According to Hyde, “It will help in looking into the actions of the committee if two particular convictions of its principal members are understood. Those beliefs, certainly not unique to the committee’s members, shaped and influenced their attitudes toward the war and the generals they would investigate. The first of these was an almost pathological hatred for Democrats, from either the North or the South. For the radical Republicans of the Thirty-seventh Congress, Democrats were to blame not only for the disasters the North’s armies had suffered, but for the war itself. … Closely related to the radical Republicans’ animosity toward Democrats was their distrust of graduates of West Point.” [p. 4] Of course, their alleged favorite, Joe Hooker, was both a Democrat and a West Point graduate. Hyde doesn’t explain that evident paradox.

The book is an important contribution to the history of the Gettysburg battle. It gives us the testimonies of a number of participants and their evaluations of the battle. We have Meade’s own words explaining his decisions and what he knew and believed at the time he made those decisions. It follows the testimony in the order in which the generals appeared at the committee’s meetings.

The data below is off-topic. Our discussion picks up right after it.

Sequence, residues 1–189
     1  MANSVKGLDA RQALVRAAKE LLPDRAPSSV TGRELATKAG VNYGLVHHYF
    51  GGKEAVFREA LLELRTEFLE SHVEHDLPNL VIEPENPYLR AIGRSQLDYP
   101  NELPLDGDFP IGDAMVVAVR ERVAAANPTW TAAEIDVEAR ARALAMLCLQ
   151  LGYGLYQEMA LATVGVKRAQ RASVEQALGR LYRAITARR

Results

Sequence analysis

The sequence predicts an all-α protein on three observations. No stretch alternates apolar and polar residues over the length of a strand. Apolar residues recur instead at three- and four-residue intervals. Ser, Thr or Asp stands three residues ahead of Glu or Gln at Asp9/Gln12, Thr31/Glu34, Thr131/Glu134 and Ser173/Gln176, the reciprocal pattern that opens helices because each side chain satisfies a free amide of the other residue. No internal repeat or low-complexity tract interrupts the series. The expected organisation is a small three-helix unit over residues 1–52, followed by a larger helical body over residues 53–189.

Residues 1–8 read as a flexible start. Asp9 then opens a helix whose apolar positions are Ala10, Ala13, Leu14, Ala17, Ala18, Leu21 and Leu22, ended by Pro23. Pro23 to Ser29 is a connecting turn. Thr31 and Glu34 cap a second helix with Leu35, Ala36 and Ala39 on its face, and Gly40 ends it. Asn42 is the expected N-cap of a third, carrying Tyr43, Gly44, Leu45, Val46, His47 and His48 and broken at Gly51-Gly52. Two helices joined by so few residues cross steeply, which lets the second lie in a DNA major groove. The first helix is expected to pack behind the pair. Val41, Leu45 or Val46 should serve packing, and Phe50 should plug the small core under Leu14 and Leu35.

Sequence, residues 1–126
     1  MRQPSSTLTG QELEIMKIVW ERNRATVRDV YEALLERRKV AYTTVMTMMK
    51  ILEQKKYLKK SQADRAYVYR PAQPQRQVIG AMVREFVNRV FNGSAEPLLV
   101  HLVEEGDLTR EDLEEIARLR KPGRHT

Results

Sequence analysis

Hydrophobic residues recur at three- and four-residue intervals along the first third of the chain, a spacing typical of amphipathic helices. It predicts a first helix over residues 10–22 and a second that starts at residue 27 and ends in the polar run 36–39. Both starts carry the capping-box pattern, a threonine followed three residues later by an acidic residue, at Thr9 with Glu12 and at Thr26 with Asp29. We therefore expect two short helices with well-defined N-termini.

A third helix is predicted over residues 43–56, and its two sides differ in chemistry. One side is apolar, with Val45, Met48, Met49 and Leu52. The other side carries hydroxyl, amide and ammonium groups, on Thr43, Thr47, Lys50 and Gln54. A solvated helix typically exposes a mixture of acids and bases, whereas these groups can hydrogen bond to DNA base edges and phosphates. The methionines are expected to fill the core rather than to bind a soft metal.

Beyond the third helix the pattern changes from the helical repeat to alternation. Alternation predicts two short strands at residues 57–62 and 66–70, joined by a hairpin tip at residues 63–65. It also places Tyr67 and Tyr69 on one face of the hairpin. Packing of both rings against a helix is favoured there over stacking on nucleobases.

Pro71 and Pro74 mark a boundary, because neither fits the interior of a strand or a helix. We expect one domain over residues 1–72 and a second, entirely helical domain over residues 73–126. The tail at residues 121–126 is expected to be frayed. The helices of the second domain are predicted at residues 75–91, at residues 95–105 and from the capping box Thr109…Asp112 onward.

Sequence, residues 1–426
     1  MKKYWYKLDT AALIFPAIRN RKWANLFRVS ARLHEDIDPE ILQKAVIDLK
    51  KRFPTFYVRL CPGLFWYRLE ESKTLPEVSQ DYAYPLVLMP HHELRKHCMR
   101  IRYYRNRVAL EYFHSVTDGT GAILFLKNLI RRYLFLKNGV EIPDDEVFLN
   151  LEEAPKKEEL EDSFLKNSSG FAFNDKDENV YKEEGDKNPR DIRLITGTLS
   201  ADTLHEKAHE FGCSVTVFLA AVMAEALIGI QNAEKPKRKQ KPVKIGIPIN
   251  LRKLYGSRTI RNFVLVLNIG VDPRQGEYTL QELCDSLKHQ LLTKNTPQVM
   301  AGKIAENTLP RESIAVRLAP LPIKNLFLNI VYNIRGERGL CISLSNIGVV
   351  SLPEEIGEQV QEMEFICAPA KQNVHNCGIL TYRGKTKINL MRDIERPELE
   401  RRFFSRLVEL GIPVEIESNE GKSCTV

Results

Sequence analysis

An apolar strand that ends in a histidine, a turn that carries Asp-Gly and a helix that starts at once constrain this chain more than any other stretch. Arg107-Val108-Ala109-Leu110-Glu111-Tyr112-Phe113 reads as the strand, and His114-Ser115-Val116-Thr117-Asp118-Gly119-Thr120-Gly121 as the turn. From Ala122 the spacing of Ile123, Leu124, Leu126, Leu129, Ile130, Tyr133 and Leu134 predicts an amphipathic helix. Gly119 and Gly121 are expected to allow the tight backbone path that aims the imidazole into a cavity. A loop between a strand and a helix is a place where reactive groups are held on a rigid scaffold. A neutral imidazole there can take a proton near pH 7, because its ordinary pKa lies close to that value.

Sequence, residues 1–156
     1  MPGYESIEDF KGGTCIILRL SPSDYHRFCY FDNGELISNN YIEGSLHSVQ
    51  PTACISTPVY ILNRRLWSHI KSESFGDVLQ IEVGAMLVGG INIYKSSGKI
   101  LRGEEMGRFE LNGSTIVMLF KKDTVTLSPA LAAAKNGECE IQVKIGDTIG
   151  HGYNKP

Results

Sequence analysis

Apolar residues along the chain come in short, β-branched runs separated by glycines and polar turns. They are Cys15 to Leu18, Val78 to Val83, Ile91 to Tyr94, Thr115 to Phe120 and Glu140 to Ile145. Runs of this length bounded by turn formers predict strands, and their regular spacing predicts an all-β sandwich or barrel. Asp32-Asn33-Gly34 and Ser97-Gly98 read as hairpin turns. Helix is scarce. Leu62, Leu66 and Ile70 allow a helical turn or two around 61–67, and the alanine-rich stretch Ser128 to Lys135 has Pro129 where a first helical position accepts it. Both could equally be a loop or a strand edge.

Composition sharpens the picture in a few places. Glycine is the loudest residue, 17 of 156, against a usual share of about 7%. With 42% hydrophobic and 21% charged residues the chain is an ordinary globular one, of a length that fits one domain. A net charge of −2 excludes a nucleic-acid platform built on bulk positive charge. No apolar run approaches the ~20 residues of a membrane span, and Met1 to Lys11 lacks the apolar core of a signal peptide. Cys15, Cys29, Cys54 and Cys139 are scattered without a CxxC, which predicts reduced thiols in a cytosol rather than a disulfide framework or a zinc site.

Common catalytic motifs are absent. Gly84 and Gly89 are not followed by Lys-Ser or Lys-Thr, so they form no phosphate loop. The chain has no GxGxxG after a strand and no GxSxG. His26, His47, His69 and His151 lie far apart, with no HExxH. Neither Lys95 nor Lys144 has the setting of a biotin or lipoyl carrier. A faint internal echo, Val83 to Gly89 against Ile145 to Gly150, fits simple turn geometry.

The case against Meade had several parts. First was the assertion he was simply along for the ride, merely implementing what Hooker had planned and allowing his corps commanders to make the decisions about fighting. Second was the claim Meade didn’t want to fight and wanted to retreat from Gettysburg all along, using the Pipe Creek Circular as his main plan instead of as a contingency plan. Third was the claim his pursuit of the Army of Northern Virginia was lackluster, and fourth was the claim he should have attacked the confederate position at Williamsport.